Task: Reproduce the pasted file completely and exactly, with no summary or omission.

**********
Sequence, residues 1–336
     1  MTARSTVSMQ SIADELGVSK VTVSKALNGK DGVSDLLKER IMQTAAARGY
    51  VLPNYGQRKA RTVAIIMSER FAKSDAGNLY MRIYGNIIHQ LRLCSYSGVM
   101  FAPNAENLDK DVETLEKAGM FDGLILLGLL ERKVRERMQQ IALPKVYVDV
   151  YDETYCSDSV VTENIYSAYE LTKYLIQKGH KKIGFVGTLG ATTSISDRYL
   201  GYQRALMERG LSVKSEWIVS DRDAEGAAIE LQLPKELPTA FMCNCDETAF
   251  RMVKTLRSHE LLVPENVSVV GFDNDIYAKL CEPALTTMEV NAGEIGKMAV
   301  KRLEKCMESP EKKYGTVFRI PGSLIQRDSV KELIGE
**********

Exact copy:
Sequence, residues 1–336
     1  MTARSTVSMQ SIADELGVSK VTVSKALNGK DGVSDLLKER IMQTAAARGY
    51  VLPNYGQRKA RTVAIIMSER FAKSDAGNLY MRIYGNIIHQ LRLCSYSGVM
   101  FAPNAENLDK DVETLEKAGM FDGLILLGLL ERKVRERMQQ IALPKVYVDV
   151  YDETYCSDSV VTENIYSAYE LTKYLIQKGH KKIGFVGTLG ATTSISDRYL
   201  GYQRALMERG LSVKSEWIVS DRDAEGAAIE LQLPKELPTA FMCNCDETAF
   251  RMVKTLRSHE LLVPENVSVV GFDNDIYAKL CEPALTTMEV NAGEIGKMAV
   301  KRLEKCMESP EKKYGTVFRI PGSLIQRDSV KELIGE